Hmm. “When was this?” I asked.
“Nine years ago.”
What happened nine years ago? I tried to think. If I calculated the time according to Ethiopia’s Julian calendar, it’d be 1999. If I went by the Gregorian one, it’d be2005. Both years registered nothing for me.
“Maybe for certain passports they weren’t allowing it,” I pondered aloud.
“No,” Zekarias said. “We were simply refused.”
Then I recalled how my mates, Harley and Em had recently crossed the border in Chewie, their Landrover Defender they’d been driving from Cape Town to Stockholm.
“They just crossed about two months ago,” I said.
“Oh,” Zekarias seemed defeated. “Maybe things have changed.”
“Maybe,” I leaned back, watched the landscape of mountains roll by.
I was dropped in the tiny roadside village of Wukromarain, whose entire population seemed to be of three cows, four goats and ten people. I began to hike down the road. My water conservation was that I’d only take a sip once I got a ride.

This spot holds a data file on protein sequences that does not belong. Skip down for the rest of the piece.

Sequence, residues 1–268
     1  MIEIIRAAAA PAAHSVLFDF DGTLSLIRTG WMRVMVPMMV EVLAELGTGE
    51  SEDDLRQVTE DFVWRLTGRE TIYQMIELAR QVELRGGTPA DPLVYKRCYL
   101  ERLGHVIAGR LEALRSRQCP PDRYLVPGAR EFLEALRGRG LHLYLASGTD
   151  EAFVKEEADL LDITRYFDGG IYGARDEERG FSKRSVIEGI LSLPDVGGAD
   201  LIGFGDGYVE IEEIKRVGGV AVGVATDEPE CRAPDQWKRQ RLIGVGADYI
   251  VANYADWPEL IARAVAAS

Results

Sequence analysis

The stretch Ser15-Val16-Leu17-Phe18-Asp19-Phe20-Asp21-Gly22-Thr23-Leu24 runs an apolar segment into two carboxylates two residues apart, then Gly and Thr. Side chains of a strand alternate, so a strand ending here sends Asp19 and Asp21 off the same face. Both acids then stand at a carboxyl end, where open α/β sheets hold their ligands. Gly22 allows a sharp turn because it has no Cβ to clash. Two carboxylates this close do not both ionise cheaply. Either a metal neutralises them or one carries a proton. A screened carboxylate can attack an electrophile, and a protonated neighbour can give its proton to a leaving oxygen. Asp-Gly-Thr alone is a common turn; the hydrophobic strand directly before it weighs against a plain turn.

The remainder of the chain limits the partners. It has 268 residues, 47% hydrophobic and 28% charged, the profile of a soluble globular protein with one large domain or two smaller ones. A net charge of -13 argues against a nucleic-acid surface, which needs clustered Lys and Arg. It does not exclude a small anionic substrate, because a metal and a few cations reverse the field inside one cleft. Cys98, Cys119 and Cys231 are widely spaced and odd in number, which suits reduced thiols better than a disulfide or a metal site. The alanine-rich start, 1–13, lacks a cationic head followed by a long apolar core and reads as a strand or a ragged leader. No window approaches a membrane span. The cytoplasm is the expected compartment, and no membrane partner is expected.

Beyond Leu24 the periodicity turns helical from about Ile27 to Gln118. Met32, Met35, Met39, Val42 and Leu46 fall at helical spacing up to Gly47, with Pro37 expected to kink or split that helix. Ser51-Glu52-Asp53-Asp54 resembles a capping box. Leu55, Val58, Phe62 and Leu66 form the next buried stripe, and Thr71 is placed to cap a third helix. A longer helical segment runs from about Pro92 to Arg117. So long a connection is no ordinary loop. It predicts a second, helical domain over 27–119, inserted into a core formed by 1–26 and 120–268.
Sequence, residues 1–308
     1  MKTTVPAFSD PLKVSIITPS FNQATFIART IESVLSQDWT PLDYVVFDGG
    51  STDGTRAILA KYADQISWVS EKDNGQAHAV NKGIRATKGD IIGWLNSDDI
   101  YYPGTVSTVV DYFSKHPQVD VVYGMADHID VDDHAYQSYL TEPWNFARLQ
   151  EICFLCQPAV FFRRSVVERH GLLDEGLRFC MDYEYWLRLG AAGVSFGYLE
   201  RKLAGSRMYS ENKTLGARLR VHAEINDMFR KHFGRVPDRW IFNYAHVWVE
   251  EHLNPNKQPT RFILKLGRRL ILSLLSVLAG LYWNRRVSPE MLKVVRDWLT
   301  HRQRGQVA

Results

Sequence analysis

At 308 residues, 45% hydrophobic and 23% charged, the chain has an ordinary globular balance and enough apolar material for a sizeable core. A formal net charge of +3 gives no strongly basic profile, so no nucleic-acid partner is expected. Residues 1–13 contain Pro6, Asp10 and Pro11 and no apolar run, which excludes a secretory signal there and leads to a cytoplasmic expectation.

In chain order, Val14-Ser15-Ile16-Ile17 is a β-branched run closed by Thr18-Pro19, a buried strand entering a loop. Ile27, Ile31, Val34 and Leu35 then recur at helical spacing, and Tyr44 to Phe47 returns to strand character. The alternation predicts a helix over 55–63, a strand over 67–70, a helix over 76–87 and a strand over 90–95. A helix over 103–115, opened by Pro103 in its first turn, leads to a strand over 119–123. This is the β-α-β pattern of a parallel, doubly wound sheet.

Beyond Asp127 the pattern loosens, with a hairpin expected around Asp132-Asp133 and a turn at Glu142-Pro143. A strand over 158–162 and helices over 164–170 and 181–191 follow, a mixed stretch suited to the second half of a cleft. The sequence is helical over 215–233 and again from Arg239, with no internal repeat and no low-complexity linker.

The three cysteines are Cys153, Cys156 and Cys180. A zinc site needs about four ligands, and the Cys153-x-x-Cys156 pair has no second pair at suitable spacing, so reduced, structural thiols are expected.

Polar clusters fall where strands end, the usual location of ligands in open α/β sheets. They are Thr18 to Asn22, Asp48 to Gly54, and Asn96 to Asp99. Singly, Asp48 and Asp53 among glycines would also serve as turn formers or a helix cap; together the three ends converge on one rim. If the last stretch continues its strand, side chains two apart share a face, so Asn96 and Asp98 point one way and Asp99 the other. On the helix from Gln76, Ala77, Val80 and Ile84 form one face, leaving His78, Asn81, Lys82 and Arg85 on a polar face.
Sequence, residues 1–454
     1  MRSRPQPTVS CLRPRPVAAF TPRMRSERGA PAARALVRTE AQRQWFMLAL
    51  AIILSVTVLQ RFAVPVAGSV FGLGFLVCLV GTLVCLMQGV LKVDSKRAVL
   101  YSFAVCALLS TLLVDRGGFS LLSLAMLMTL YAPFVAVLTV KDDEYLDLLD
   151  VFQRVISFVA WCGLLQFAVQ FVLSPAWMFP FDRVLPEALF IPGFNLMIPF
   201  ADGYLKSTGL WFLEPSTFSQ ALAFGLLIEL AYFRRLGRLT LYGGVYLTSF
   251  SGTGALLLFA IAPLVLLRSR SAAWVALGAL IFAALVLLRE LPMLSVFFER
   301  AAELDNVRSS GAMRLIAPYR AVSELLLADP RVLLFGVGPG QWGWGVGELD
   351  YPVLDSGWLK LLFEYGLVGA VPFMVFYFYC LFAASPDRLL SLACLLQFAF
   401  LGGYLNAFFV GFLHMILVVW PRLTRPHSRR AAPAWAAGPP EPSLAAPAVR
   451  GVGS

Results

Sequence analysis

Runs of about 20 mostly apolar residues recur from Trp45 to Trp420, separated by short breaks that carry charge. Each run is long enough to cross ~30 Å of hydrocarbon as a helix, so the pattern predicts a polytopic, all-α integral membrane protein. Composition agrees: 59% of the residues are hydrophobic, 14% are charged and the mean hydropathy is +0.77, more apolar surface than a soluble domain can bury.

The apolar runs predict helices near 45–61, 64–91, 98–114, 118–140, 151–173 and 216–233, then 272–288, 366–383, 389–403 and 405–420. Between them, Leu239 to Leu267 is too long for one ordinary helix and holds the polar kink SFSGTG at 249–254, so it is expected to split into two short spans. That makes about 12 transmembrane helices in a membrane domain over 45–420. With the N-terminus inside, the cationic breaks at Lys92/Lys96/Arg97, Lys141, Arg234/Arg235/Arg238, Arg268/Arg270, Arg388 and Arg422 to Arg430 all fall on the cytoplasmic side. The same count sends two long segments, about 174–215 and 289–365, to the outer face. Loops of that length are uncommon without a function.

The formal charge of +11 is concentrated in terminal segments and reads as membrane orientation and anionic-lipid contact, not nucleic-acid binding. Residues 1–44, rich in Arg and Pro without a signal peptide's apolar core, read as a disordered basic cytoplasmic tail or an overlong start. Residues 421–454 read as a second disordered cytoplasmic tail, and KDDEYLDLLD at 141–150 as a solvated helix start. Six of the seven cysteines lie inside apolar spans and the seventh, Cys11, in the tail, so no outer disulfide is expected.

We can survive a whole month without food but if we lack water for three days we’re screwed. I hiked down the mountainside until a single-cabin Landcruiser took me on.
“Welding,” the driver said in broken English when I asked about the generator my packs were accompanying in the back.
“Ah,” I ah-ed.
The two guys were both named Solomon which made remembering their names a helluva lot easier than other drivers I’ve met. “The kings,” I grinned as they chuckled.